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Daily News Analysis

Maratha Quota Explained: Everything you need to know as Supreme Court begins hearings today

27th July, 2020 Editorial


  • The Supreme Court will commence daily final hearing on a batch of petitions challenging the reservation granted to the Maratha community in education and jobs in Maharashtra.

About Marathas:

  • The Marathas are a group of castes comprising peasants, landowners among others.
  • Historically, Marathas have been identified as a ‘warrior’ caste with large land-holdings.
  • Since the formation of the Maharashtra state in 1960, of its 19 chief ministers, 11 have been from the Maratha community.
  • Division of land and agrarian problems over the years have led to a decline of prosperity among middle class and lower middle-class Marathas.

Ruling of the Bombay High Court:

  • Ruled that the 16 per cent quota granted by the state was not ‘justifiable’.
  • Reduced it to 12 per cent in education and 13 per cent in government jobs.
  • Limit of reservation should not exceed 50%.
  • The limit can be increased:
    • Subject to availability of quantifiable and contemporaneous data reflecting backwardness,
    • Inadequacy of representation
    • Without affecting the efficiency in administration.
  • The Court had said that while the backwardness of the community was not comparable with SCs and STs, it was comparable with several other backward classes.

Finding of the Maharashtra State Backward Class Commission (MSBCC) on Marathas:

Social Backwardness:

  • 86 % of Maratha families are engaged in agriculture and agricultural labour for their livelihood
  • Nearly 70% reside in Kachha dwellings,
  • 35- 39 % have personal tap water connections.
  • In 2013-2018, a total of 2,152 (23.56%) Maratha farmers died by suicide, against total 13, 368 farmer suicides.
  • 81 % Maratha women are involved in physical labour for earning livelihood.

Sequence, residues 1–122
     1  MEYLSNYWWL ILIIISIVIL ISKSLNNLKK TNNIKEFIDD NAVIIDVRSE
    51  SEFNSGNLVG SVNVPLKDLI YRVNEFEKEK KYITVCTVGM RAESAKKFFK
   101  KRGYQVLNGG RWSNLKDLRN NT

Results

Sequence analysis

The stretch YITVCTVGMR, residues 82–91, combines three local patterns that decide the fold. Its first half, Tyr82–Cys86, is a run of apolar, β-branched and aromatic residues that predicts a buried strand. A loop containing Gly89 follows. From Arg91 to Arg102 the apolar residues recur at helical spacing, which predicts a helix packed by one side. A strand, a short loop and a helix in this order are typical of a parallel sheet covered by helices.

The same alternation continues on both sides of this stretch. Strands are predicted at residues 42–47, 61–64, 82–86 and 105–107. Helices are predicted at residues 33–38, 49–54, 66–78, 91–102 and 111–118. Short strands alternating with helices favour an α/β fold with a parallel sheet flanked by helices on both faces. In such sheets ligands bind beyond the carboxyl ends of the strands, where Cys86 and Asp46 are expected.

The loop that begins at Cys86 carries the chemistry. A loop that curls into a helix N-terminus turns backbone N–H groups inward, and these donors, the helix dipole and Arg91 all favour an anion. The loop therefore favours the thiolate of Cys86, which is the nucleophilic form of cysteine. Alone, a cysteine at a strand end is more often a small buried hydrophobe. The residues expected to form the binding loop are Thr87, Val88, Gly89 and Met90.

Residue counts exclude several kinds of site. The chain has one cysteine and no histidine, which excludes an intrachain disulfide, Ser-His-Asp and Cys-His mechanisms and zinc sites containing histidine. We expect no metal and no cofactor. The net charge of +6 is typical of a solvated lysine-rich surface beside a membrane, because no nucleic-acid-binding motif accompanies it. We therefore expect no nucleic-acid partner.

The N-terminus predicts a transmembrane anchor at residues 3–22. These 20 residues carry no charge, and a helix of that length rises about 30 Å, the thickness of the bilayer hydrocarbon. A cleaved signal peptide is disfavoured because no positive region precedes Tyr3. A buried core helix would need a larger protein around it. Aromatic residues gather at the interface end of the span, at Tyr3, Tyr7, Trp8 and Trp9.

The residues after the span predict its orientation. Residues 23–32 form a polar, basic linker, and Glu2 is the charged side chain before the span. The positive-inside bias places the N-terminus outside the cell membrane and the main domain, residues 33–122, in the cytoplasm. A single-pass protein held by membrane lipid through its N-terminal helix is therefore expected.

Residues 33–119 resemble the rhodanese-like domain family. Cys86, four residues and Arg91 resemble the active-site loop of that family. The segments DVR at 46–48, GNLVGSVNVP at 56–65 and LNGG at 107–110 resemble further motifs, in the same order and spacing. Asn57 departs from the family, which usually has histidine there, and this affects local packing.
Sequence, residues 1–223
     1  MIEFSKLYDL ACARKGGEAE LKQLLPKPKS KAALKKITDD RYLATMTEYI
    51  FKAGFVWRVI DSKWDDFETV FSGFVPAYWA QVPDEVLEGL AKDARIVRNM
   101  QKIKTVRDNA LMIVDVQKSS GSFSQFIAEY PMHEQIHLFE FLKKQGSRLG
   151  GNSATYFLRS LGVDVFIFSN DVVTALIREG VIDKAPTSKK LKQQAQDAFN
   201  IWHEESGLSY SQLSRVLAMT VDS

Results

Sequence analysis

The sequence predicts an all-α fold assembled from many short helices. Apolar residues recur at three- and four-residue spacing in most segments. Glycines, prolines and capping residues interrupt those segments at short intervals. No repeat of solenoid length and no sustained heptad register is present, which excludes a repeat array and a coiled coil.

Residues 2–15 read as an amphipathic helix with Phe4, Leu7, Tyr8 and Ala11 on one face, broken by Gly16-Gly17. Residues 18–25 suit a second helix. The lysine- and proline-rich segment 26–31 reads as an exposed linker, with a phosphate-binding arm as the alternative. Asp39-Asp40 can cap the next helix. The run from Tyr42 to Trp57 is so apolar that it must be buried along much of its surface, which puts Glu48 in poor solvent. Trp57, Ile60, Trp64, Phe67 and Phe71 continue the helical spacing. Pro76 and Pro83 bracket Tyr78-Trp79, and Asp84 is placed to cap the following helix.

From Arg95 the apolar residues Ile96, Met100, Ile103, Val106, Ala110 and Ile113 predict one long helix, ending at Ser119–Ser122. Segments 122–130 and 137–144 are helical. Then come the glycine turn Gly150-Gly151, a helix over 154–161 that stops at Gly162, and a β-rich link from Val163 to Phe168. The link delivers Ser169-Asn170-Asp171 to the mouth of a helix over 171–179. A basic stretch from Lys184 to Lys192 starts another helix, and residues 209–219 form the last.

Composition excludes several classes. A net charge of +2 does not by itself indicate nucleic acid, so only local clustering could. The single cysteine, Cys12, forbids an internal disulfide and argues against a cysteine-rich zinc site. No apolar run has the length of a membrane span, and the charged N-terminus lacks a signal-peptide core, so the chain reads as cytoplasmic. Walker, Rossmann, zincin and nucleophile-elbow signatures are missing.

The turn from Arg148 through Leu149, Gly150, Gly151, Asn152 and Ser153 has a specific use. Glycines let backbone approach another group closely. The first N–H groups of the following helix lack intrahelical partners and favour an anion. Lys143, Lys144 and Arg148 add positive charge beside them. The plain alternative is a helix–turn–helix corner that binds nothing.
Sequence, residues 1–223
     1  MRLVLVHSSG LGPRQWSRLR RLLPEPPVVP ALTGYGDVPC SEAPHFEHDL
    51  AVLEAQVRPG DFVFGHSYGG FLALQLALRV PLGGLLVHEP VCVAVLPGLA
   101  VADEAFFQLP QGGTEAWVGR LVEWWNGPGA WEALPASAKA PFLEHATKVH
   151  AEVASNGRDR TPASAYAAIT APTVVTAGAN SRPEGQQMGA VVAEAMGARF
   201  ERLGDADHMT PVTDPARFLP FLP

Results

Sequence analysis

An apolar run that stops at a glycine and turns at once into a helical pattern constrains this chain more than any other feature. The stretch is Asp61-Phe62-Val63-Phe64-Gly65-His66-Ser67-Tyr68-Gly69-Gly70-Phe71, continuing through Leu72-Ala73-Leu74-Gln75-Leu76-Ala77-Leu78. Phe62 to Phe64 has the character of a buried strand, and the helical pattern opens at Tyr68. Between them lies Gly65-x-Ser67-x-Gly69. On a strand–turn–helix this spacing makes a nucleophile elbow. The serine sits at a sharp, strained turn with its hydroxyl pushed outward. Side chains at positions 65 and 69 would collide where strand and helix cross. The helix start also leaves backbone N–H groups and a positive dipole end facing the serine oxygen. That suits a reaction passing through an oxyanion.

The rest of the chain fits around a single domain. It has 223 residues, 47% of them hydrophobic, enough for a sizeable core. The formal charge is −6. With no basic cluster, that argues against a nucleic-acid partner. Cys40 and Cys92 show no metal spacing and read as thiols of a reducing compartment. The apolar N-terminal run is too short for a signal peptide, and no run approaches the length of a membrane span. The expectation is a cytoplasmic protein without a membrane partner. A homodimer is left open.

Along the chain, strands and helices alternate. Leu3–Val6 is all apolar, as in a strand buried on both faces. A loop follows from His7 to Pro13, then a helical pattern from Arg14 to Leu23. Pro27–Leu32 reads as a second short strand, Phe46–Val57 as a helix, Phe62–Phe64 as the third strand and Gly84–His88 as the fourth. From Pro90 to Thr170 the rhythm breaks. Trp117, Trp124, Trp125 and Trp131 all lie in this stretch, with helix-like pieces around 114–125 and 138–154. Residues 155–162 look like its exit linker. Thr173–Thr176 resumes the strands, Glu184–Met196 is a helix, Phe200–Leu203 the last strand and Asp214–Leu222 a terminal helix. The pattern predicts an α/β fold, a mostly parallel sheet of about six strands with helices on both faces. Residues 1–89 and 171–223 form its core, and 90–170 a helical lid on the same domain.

Educational Backwardness:

  • 42 % of Marathas are illiterate,
  • 31 % primary educated,
  • 79 % HSC and SSC,
  • 71 % undergraduates and postgraduates
  • 77 % technically and professionally qualified.

Economic backwardness:

  • 93 % Maratha families have an annual income of Rs 1 lakh, which was below average income of middle-class families.
  • 38% families were Below Poverty line against the state average of 24% 
  • 71% own less than 2.5 acres land, whereas only 2.7% big farmers own 10 acres of land.
  • Also established inadequacy of representation of the Maratha community in public employment in the state.

Current Status in Maharashtra:

  • A nine-judge bench of the Supreme Court, in the 1993 Indra Sawhney case, which is known as Mandal Commission case, had ruled that total reservation for backward classes cannot go beyond the 50%-mark.
  • Following the 2001 State Reservation Act, the total reservation was 52 per cent.
  • With the addition of 12-13 per cent Maratha quota, the total reservation in the state is 64-65 per cent.
  • The 10 % Economically Weaker Sections (EWS) quota announced by the Centre last year is also effective in the state.

Supreme Court Verdict in Mandal Commission:

  • Backward classes in Article 16(4) were not like as socially and educationally backward in article 15(4).
  • Creamy layer must be barred from the backward classes.
  • Article 16(4) grants characterization of backward classes into backward & more backward classes.
  • A backward class of citizen can't be distinguished just and solely with reference to financial criteria.
  • Reservation should not exceed 50%.
  • Reservation can be made by the Executive Order.
  • No reservation in promotion.
  • Permanent Statutory body to look at whines of over – inclusion /under – inclusion.
  • Majority held that there is no need to express any opinion on the accuracy or ampleness of the activity done by the Mandal Commission.
  • Disputes with respect to new criteria can only be raised in the Supreme Court.